Vital Issues in the Inerrancy Debate

Gerne gebe ich diesen vor einer Woche in den sozialen Medien gefundenen Artikel zu einem neuen Buch über die “Irrtumslosigkeit der Schrift” weiter. Der aktuelle Anlass innerhalb der evangelikalen Bewegung in unserem Land liegt auf der Hand. Jede Generation muss neu diese Fragen angehen!
Mark Twain was not a theologian, but he was a shrewd observer of life on the Mississippi River. And one thing that you never read in his novels is a pericope about a loosely tethered boat slipping the knot and drifting upriver to some mysterious location.

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As certain as anything in this life can be, all that is adrift on the mighty Mississippi is headed south. If you want to go upriver there must be deliberate propulsion and guidance. Such an observation requires only the opportunity to reflect for a few days on the flow of the river. Only a fool would attempt to sustain the case that things quite frequently drift upriver.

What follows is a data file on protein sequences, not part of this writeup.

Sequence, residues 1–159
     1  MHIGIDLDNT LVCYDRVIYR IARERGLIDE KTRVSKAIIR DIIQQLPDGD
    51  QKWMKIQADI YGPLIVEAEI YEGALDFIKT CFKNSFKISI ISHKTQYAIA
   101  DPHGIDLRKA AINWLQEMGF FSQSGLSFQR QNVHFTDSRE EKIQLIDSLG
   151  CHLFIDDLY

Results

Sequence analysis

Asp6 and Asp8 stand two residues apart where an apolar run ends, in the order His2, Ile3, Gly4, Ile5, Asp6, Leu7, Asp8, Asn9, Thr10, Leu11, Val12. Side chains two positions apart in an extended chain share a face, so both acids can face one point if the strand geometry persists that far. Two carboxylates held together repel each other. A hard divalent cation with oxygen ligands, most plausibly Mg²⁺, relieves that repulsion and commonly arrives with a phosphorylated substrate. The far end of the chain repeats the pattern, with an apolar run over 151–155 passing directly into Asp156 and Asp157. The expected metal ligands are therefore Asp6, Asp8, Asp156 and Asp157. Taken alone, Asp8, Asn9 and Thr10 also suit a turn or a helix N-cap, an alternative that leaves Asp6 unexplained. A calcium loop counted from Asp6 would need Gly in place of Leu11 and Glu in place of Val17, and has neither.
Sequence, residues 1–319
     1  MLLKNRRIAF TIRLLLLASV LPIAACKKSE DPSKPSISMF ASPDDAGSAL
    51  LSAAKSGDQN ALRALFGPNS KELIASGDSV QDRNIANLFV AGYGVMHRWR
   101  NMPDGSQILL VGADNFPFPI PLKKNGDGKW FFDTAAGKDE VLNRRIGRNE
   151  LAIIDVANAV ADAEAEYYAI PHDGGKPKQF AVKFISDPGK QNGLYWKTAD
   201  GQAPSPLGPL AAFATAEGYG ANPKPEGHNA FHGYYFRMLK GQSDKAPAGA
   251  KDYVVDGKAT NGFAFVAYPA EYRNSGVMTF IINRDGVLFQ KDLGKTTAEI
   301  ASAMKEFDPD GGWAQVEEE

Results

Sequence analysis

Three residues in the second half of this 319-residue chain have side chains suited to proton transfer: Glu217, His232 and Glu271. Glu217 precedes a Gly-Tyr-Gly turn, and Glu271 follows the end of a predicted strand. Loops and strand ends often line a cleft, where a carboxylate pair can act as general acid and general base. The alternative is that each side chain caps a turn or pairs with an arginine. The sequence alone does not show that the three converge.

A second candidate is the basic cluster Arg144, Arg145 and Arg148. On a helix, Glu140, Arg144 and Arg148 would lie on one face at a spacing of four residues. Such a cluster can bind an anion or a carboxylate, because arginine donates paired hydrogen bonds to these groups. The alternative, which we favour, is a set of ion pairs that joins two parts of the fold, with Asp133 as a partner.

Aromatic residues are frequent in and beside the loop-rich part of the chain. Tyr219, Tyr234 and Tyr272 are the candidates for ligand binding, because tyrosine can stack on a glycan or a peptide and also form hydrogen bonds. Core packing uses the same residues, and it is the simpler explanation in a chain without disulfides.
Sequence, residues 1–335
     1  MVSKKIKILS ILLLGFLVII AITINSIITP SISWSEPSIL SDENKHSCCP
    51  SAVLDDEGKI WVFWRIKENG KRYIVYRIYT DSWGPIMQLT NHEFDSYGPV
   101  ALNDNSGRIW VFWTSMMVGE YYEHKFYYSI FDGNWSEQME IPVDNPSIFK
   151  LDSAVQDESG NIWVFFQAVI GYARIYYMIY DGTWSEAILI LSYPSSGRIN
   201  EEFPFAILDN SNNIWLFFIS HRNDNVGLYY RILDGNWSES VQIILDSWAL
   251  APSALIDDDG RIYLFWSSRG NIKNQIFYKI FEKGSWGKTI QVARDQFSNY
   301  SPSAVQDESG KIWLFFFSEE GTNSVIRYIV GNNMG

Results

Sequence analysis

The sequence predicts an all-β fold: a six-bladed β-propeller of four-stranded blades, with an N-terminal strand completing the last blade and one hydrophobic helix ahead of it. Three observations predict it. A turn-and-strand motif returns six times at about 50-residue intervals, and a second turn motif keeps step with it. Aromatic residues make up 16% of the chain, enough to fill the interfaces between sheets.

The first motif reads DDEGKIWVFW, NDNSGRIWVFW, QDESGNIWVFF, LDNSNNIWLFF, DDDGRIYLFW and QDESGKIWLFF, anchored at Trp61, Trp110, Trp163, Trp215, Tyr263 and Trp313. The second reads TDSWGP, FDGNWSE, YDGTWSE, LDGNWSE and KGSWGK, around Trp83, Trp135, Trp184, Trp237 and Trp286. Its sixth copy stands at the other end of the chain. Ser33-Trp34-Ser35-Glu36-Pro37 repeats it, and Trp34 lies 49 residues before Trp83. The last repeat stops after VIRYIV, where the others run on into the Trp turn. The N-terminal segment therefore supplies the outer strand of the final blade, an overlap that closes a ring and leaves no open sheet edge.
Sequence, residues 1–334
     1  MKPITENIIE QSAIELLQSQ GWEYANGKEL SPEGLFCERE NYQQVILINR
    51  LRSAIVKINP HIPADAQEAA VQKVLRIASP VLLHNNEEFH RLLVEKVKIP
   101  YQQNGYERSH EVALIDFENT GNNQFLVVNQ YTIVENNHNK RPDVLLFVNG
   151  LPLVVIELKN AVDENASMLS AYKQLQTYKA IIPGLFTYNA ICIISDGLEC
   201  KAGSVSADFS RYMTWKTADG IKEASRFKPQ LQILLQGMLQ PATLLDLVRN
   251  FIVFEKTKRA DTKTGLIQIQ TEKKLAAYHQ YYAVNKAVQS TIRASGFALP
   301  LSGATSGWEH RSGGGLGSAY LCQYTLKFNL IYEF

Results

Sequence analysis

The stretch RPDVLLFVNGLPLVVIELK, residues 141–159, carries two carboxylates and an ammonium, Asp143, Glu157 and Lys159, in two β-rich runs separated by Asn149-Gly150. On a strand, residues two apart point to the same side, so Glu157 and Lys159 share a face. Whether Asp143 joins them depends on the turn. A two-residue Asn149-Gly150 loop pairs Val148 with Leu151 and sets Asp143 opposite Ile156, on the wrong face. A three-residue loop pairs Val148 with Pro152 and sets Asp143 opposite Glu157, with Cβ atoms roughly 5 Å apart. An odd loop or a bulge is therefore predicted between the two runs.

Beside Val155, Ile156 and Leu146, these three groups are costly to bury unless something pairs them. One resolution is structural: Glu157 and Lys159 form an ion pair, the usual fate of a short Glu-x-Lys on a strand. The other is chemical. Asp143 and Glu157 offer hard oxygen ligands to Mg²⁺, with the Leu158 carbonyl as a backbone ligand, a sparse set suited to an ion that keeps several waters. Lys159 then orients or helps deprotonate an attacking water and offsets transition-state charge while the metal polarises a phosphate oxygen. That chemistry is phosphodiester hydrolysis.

F. David Farnell and Norman Geisler, together with a cast of highly credible thinkers, understand that pedestrian avowal and know that the same forces are at work in theology. Vital Issues in Inerrancy is the resulting volume unveiling the sorrowful journey of dozens of “theological boats” that have slipped their logical and spiritual knots and are now drifting south on the “River of Doubt.” The authors reset this strategic doctrine, setting the parameters both for what qualifies and for what does not meet the standards for biblical inerrancy.


But why is such a book necessary? Isn’t this thrashing the proverbial dead horse? When the International Council on Biblical Inerrancy (ICBI) was functioning in the late ’70s and ‘80s, there was a lively discussion among the members of the board about the future of the organization. Some saw the need for the organization to exist in perpetuity. Others of us feared the prospects of an organization that could become another parachurch ministry furthering the departure of talent and resources from the local churches in America. We suggested a ten-year limitation with a sunset clause in place to guarantee a concluding date. An incredible number of critical texts penned during those ten years contributed heavily to the reversals in the Missouri Synod Lutheran Church and most dramatically in the Southern Baptist Convention.